Persistence has a way of sponsoring tenure, and tenure has a funny way of growing some awkward extremities. Bruce Kaufman carries one of them around with him regarding his two-decade journey fronting My Evil Twin (MET).
“My Evil Twin has played a lot of places that were, like, the last time they were ever open,” he reflects with a hint of sideways and bemused pride. “We closed the place. … It used to be the Hoffbrau, whatever it was before then. Up in Table Mesa. I can’t remember. I think it’s a hardware store now [Liberty Hardware]. And there was a place down the road from there, near the Tantra Apartments, it used to be a pizza place. And The Cricket. I think we closed that one, too.
“And, I’m still here, still playing My Evil Twin songs. I’m kind of going through this process of re-learning them all.”
Re-learning them all because Kaufman’s wife and songwriting partner, and the band’s lead singer, Lane D’Crago, passed away a little more than a year ago at age 54.
Suffice to say there are no heroic deaths in the prime of life, despite rock ’n’ roll’s sometimes-triumphant appeals to mortality, well-spent and elegantly exhausted. As a practical matter, D’Crago wrote and sang most of the lyrics, many of them derived from her interest in poetry but also influenced by ’80s pop and new wave — lurking somewhere between Martha Davis and Kristin Hersh. As a natural performer, she was out front while Kaufman gave the songs structure and a trained blues-and-rock guitarist’s edge from a half-step behind her.
It was the kind of balance that worked seamlessly when they were in form, which could be a challenge in the face of frequent turnover of other band members, which continually changed the mix and the texture.
MET’s treks across Boulder clubs, extinct and otherwise, extend back into the early ’90s. Kaufman and D’Crago met at a Salmonheads-sponsored open stage night at Brandy’s, now Boulder Blues & Greens. Mid-week gigs at joints like J.J. McCabe’s and The Cricket kept them reasonably busy, and the band probably played its single biggest gig in Boulder at the Boulder Theater in 1996, when they opened a mostly full subdudes gig. Kaufman was also busy in the local Dead community, and in 2005 he won the Phil Lesh Wolf Scholarship award, largely on the strength of an MET tape he sent to Lesh personally, earning a shot to play Garcia’s old guitar with Phil and Friends at the Fillmore.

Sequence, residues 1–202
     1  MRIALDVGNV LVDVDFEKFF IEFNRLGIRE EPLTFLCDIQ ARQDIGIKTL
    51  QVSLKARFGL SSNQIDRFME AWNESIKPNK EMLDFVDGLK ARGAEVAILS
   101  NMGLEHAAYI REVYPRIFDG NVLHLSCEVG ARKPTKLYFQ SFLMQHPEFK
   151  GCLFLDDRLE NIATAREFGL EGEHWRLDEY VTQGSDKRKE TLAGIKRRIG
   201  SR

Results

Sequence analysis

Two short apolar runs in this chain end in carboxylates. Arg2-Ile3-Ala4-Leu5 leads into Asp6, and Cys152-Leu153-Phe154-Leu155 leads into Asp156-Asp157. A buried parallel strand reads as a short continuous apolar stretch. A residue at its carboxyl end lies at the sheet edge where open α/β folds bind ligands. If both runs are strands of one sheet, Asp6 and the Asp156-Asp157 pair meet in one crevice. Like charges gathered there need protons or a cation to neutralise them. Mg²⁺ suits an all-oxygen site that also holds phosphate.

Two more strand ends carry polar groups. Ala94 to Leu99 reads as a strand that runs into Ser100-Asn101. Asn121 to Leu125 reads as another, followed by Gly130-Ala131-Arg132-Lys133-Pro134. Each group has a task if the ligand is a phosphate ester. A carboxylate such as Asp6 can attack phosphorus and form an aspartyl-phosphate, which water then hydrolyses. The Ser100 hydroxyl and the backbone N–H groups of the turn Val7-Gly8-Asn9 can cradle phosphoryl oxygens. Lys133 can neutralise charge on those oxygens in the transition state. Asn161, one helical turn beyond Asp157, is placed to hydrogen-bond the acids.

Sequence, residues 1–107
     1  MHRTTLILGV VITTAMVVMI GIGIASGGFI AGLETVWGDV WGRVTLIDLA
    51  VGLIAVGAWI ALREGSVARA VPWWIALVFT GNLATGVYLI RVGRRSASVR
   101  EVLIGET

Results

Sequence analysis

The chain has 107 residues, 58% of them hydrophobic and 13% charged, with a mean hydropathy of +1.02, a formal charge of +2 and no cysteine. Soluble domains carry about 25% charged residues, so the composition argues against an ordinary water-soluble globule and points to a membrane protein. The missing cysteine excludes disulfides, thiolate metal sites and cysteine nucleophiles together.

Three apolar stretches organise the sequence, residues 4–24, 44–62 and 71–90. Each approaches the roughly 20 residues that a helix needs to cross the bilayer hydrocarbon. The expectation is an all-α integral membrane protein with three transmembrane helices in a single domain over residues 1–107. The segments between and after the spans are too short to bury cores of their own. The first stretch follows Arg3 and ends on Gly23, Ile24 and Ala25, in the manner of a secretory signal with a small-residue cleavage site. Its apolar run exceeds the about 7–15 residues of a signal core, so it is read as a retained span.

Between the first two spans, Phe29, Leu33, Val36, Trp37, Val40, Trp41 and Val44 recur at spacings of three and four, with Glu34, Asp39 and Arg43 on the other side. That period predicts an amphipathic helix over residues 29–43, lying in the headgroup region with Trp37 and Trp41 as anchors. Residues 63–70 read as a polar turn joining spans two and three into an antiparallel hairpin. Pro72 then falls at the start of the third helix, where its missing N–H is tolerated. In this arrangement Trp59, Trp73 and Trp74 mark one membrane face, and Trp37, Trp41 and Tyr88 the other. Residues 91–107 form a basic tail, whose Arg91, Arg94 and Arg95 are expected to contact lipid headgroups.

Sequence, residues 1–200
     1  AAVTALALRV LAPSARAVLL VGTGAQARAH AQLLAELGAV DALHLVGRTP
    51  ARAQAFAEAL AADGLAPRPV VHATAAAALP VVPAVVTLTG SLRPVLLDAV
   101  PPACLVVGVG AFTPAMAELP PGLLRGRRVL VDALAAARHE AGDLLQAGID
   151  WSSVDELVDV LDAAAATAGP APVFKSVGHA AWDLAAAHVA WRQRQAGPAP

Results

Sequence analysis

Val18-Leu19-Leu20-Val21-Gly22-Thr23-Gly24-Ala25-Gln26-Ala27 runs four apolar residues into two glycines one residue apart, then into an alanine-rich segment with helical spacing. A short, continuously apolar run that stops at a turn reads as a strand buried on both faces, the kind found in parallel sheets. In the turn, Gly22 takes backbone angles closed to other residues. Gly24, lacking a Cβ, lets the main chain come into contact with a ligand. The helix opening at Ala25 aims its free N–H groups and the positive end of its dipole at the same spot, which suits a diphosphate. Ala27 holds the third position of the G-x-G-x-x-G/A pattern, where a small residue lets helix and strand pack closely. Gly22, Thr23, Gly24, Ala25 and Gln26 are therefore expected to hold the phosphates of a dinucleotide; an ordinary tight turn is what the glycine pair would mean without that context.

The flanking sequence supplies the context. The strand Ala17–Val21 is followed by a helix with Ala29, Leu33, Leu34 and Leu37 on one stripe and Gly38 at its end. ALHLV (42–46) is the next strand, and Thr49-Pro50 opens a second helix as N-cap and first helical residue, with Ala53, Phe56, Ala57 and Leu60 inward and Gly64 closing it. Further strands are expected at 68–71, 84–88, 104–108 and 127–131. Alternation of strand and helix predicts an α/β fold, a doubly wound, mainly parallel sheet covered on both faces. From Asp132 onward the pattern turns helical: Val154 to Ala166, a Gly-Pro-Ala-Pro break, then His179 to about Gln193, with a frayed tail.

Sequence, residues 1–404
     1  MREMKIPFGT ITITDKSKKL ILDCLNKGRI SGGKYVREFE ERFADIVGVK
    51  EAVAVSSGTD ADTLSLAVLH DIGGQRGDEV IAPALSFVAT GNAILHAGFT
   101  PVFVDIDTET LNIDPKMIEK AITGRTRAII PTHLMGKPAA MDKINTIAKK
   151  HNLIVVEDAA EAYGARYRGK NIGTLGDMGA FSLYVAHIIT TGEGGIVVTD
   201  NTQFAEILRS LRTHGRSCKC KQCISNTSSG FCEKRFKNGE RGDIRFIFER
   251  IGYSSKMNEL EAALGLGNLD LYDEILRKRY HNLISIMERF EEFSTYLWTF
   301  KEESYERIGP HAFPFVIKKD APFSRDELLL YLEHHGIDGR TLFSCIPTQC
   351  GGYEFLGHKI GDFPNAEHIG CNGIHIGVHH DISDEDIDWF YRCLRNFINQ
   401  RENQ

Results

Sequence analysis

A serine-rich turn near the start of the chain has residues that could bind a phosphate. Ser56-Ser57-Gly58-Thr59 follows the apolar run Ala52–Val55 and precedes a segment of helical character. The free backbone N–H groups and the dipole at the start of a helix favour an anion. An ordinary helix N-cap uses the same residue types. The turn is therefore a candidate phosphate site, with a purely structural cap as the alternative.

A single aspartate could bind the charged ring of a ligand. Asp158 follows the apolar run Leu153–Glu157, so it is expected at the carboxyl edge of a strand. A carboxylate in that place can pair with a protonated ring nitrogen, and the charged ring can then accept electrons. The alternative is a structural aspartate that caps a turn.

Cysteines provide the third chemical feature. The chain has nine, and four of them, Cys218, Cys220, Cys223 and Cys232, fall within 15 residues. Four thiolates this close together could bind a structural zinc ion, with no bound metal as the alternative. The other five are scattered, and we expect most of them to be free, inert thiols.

Kaufman decided to keep the band more or less as it was before D’Crago’s passing — keeping it or walking away from it would have been equally cruel choices, after all — and thus had to learn how to be a lead singer. His wife’s replacement, no less.
“I’ve been doing a lot of singing, getting more comfortable with my voice. … The other guys give me shit sometimes, thinking we should get someone to come in and do them, but that’s a hard thing for anyone to do. For me, the beauty of doing it this way and doing these songs, and learning how she did them, and all the nuances that she put into them — the inflections and the wordplay — putting them out with my own vocal chords, it almost brings her into the room with me.”
So working at the periphery of the Boulder music scene, My Evil Twin goes on. Kaufman recalled a night when D’Crago, exhausted and sick, couldn’t manage to get out of bed for a gig, and Kaufman blurted out in frustration, “My Evil Twin is dead!” No, she pleaded, My Evil Twin can never die.
“I was reading something that [area songwriter-turned-promoter] John Quill wrote,” Kaufman says, “about all the bands he could remember from back when he was doing his One Stop thing. And our name was in there, along with The Feds, and Steak, and Hobbledehoy, and a thousand other names that have come and gone … into the dustbin of history, I guess.
“And we’re still here. She was right.” Respond: firstname.lastname@example.org